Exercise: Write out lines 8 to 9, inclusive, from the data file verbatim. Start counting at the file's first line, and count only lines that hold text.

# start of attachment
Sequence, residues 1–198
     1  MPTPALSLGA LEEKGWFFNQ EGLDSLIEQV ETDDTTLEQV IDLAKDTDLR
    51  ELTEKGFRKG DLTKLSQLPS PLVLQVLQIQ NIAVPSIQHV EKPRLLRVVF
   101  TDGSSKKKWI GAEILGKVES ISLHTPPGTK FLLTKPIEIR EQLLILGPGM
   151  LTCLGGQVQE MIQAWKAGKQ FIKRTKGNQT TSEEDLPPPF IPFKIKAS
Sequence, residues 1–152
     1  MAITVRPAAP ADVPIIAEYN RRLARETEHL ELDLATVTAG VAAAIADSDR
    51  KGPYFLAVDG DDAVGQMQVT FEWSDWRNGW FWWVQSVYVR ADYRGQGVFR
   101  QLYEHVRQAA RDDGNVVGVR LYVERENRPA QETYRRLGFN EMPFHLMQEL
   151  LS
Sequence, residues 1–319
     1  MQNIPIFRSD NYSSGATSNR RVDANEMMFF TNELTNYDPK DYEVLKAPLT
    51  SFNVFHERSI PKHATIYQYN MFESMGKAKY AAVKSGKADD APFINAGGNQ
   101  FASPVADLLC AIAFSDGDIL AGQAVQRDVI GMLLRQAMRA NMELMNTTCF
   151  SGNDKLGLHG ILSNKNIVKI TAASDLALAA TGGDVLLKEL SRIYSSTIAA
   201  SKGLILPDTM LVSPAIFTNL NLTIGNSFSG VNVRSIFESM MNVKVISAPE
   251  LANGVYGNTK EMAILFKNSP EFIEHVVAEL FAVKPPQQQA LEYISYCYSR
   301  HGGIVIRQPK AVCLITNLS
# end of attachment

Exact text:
    51  KGPYFLAVDG DDAVGQMQVT FEWSDWRNGW FWWVQSVYVR ADYRGQGVFR
   101  QLYEHVRQAA RDDGNVVGVR LYVERENRPA QETYRRLGFN EMPFHLMQEL